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Deficient hippocampal long-term potentiation in alpha-calcium-calmodulin kinase II mutant mice.


As a first step in a program to use genetically altered mice in the study of memory mechanisms, mutant mice were produced that do not express the alpha-calcium-calmodulin-dependent kinase II (alpha-CaMKII). The alpha-CaMKII is highly enriched in postsynaptic densities of hippocampus and neocortex and may be involved in the regulation of long-term potentiation (LTP). Such mutant mice exhibited mostly normal behaviors and presented no obvious neuroanatomical defects. Whole cell recordings reveal that postsynaptic mechanisms, including N-methyl-D-aspartate (NMDA) receptor function, are intact. Despite normal postsynaptic mechanisms, these mice are deficient in their ability to produce LTP and are therefore a suitable model for studying the relation between LTP and learning processes.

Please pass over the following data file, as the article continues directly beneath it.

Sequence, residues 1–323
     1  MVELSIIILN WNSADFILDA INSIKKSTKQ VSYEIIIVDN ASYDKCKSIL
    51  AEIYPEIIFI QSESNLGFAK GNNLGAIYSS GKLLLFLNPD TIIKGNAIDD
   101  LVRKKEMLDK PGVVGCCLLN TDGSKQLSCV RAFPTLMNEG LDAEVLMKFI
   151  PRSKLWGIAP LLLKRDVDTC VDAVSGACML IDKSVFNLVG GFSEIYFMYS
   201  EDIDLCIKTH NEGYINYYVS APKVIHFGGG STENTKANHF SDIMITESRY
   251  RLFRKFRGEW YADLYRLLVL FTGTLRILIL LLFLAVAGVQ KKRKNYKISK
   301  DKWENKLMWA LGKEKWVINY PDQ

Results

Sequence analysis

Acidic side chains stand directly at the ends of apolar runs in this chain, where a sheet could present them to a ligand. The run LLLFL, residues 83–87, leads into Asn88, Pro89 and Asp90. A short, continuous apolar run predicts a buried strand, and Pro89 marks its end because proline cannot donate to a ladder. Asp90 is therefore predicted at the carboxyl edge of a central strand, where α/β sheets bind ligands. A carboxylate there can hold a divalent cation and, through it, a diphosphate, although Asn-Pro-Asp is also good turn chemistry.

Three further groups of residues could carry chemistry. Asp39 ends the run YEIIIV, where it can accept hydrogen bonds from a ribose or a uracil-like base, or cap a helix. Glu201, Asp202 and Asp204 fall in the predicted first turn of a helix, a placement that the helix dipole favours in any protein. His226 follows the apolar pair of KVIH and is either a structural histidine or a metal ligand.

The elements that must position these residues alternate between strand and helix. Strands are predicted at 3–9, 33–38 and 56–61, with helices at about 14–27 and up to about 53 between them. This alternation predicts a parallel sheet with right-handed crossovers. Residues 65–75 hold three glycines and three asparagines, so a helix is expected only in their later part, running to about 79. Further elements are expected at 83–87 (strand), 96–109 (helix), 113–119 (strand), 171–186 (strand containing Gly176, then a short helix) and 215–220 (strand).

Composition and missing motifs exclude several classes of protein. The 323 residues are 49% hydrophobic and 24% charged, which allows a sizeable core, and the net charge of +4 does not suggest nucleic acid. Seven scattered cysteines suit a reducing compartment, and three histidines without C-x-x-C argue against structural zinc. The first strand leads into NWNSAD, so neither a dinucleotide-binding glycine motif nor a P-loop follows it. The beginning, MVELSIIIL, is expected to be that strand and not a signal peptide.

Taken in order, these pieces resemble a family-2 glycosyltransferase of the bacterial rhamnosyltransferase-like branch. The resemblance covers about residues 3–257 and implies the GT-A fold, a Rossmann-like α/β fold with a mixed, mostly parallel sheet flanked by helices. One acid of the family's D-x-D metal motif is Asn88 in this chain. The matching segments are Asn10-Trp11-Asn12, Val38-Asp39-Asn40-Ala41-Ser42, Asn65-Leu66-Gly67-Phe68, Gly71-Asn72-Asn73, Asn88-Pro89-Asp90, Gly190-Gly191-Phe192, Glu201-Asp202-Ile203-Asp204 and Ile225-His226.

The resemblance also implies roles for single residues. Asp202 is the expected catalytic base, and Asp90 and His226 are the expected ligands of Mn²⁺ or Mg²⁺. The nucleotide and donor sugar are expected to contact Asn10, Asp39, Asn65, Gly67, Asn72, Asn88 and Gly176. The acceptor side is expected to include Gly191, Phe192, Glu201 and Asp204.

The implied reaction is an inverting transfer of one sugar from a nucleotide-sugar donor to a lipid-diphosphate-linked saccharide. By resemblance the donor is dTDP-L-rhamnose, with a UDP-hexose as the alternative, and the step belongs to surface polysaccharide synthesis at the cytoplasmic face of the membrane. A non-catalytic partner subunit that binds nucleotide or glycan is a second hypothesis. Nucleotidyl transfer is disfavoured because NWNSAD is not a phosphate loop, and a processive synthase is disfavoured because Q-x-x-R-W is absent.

Pubmed ID: 1378648


  • Silva AJ
  • Stevens CF
  • Tonegawa S
  • Wang Y


Science (New York, N.Y.)

Publication Data

July 10, 1992

Associated Grants

  • Agency: NINDS NIH HHS, Id: 5 R01 NS 12961-17

Mesh Terms

  • Animals
  • Behavior, Animal
  • Blotting, Northern
  • Blotting, Southern
  • Calcium-Calmodulin-Dependent Protein Kinases
  • Chromosome Mapping
  • DNA
  • Electrophysiology
  • Female
  • Hippocampus
  • Learning
  • Male
  • Mice
  • Mice, Inbred BALB C
  • Mice, Mutant Strains
  • Mutagenesis, Site-Directed
  • Plasmids
  • Protein Kinases
  • RNA
  • Receptors, N-Methyl-D-Aspartate
  • Synapses
  • Transfection